That images of people’s faces which allow or confirm the identification of a person are biometric data and therefore data controllers and processors require a lawful basis under both Article 6 and Article 9 of the GDPR to process that data.
1) The GDPR
Article 4(14) of the General Data Protection Directive defines biometric data as follows; (emphasis added)
‘biometric data’ means personal data resulting from specific technical processing relating to the physical, physiological or behavioural characteristics of a natural person, which allow or confirm the unique identification of that natural person, such as facial images or dactyloscopic data;
2) Irish Data Protection Commission
The Data Protection Commission has issued an information notice on Biometrics within which it helpfully sets out a number of different forms of data which meet the definition of Biometric data in the Commission’s opinion.
To quote the first type as described is sufficient for our purpose;
1.2 Types of biometric data.
There are three principal types of biometric data
Raw Images, consisting of recognisable data such as an image of a face or a fingerprint, etc
3) Article 29 Working Party
Opinion 3/20123 set out two forms of Biometric data, as agreed by the Working Party of all of the EU’s Data Protection Authorities. (emphasis added below). This definition was also cited in the Article 29 Working Party’s Opinion on Facial Recognition:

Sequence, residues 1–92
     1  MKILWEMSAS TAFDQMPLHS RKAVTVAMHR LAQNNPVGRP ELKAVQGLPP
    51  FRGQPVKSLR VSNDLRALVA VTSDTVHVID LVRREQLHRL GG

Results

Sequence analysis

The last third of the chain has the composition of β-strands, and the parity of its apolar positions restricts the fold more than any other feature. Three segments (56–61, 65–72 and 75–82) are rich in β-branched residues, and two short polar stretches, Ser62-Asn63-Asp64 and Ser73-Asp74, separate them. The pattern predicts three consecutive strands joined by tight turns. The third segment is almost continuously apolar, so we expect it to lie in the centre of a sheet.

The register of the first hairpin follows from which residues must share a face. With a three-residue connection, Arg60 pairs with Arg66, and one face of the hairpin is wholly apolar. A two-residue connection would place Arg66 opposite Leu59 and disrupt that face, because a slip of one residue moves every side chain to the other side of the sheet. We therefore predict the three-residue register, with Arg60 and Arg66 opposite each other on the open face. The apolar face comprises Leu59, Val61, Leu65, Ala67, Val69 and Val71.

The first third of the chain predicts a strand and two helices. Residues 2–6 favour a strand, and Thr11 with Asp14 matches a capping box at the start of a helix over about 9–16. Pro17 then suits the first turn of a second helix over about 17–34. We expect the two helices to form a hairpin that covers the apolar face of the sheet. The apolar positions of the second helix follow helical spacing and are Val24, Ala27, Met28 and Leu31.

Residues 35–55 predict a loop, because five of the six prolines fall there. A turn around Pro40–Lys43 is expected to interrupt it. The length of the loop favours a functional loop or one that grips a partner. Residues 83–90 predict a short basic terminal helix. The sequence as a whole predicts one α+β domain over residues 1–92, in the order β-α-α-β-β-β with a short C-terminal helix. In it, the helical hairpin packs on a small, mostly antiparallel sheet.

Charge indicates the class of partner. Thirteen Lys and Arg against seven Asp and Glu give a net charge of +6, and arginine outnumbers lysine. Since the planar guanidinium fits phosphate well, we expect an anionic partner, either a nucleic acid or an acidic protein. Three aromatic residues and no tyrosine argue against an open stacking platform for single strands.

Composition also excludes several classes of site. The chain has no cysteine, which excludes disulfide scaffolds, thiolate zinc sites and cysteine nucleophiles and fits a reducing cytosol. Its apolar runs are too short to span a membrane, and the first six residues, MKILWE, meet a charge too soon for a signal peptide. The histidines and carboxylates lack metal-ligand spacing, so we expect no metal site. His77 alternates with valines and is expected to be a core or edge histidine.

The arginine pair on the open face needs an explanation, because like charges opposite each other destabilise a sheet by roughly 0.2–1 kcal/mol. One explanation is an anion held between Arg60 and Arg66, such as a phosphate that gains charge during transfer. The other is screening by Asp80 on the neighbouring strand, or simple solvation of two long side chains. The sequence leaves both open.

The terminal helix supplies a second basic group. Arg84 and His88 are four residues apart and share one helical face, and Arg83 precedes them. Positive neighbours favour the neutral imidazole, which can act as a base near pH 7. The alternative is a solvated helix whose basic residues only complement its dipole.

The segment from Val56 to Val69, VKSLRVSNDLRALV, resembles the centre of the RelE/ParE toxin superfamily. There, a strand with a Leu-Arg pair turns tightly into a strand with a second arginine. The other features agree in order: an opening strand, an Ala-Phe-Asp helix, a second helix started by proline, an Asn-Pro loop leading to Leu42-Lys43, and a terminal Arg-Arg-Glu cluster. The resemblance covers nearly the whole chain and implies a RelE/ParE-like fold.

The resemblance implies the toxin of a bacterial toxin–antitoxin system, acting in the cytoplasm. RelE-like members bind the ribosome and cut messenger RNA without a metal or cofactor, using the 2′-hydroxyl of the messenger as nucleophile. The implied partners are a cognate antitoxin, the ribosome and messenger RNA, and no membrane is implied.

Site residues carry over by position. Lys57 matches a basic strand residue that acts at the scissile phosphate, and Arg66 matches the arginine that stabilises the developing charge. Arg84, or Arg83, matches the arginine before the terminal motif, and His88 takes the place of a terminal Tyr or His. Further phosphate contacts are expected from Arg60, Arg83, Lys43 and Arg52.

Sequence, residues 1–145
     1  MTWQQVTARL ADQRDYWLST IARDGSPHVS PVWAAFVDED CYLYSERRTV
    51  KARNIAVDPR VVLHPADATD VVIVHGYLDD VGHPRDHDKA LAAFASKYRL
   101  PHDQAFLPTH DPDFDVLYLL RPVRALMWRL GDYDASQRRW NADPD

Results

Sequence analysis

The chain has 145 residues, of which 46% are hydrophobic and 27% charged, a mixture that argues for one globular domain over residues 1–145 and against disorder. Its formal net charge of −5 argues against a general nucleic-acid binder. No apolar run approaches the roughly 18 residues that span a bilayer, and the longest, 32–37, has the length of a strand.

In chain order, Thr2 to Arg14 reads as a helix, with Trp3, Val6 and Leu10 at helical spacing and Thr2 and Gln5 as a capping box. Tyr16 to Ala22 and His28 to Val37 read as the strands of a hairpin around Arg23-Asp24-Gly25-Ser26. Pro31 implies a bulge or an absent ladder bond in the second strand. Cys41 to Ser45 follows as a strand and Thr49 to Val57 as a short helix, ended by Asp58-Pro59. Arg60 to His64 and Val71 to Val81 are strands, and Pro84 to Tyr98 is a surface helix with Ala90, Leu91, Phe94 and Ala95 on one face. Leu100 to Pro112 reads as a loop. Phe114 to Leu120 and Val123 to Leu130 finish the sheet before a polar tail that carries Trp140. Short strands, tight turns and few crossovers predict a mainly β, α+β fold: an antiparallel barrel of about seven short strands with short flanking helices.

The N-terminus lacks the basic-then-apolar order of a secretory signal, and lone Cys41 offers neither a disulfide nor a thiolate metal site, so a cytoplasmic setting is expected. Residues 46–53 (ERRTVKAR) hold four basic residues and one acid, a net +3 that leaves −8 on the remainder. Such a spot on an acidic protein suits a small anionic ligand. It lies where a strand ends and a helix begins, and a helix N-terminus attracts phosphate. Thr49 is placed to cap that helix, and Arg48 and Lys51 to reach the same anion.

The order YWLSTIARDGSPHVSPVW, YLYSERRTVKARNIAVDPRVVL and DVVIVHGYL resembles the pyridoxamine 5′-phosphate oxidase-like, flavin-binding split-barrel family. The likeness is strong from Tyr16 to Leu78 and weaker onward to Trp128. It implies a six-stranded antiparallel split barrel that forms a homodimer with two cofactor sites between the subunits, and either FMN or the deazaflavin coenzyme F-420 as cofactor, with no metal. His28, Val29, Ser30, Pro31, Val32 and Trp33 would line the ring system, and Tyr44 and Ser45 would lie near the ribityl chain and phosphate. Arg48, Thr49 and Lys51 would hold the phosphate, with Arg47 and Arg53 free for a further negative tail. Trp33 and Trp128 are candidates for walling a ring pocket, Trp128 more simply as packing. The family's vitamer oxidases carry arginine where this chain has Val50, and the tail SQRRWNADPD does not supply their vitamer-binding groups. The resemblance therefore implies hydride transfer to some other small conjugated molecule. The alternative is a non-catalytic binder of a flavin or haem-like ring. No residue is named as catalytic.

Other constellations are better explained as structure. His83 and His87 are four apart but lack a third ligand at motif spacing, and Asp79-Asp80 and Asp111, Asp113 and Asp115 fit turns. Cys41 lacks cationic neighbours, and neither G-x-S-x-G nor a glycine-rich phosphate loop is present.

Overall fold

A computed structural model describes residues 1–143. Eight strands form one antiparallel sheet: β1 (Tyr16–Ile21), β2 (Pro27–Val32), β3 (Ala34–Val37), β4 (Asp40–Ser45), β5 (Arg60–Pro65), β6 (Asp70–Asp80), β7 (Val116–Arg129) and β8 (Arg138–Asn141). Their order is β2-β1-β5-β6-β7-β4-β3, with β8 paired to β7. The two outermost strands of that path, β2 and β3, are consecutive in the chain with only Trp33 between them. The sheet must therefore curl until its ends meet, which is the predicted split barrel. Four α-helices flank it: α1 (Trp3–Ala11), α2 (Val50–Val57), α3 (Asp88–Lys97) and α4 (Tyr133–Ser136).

Biometric data can be stored and processed in different forms. Sometimes the biometric information captured from a person is stored and processed in a raw form that allows recognising the source it comes from without special knowledge e.g. the photograph of a face, the photograph of a finger print or a voice recording. Some other times, the captured raw biometric information is processed in a way that only certain characteristics and/or features are extracted and saved as a biometric template
Although the GDPR has not yet been litigated before the CJEU, a number of national and EU cases have addressed the definition of facial images as sensitive or biometric personal data.
ECJ C-291/12, Schwarz v. Bochum, 20135 set out in Article 1.2 COUNCIL REGULATION (EC) No 2252/20046 is entitled “security features and biometrics in passports and travel documents issued by Member States” (emphasis added)
Passports and travel documents shall include a storage medium which shall contain a facial image. Member States shall also include fingerprints in interoperable formats.
Case Number LJN BK63317 Dutch High Court, 23 March 2010: specifically confirmed that images of faces alone were sensitive personal data, as they revealed sensitive data, such as ethnicity.
CASE OF S. AND MARPER v. THE UNITED KINGDOM
The European Court of Human Rights, which has an appreciation of the EU’s Data Protection Regime, but whose findings are not directly congruent with the CJEU’s on this matter, recognised nonetheless in Paragraph 81 of its judgment that facial records were on a par with fingerprint records and voice samples (which are not disputed to be biometric data)
The applicant’s fingerprint records constitute their personal data (see paragraph 68 above) which contain certain external identification features much in the same way as, for example, personal photographs or voice samples